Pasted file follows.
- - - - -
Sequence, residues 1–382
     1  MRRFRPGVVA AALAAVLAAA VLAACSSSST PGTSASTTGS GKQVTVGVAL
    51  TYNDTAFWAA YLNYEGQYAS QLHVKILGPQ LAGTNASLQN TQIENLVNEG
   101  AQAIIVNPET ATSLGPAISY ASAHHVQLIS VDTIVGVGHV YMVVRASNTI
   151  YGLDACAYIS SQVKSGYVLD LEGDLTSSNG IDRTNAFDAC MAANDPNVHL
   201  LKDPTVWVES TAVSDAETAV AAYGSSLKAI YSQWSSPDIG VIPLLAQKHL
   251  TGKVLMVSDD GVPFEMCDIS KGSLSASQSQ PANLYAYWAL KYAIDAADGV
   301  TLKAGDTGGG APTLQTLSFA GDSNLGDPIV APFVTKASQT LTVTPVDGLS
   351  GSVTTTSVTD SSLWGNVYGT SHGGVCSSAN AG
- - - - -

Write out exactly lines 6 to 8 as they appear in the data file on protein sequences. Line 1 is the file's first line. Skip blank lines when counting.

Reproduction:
   201  LKDPTVWVES TAVSDAETAV AAYGSSLKAI YSQWSSPDIG VIPLLAQKHL
   251  TGKVLMVSDD GVPFEMCDIS KGSLSASQSQ PANLYAYWAL KYAIDAADGV
   301  TLKAGDTGGG APTLQTLSFA GDSNLGDPIV APFVTKASQT LTVTPVDGLS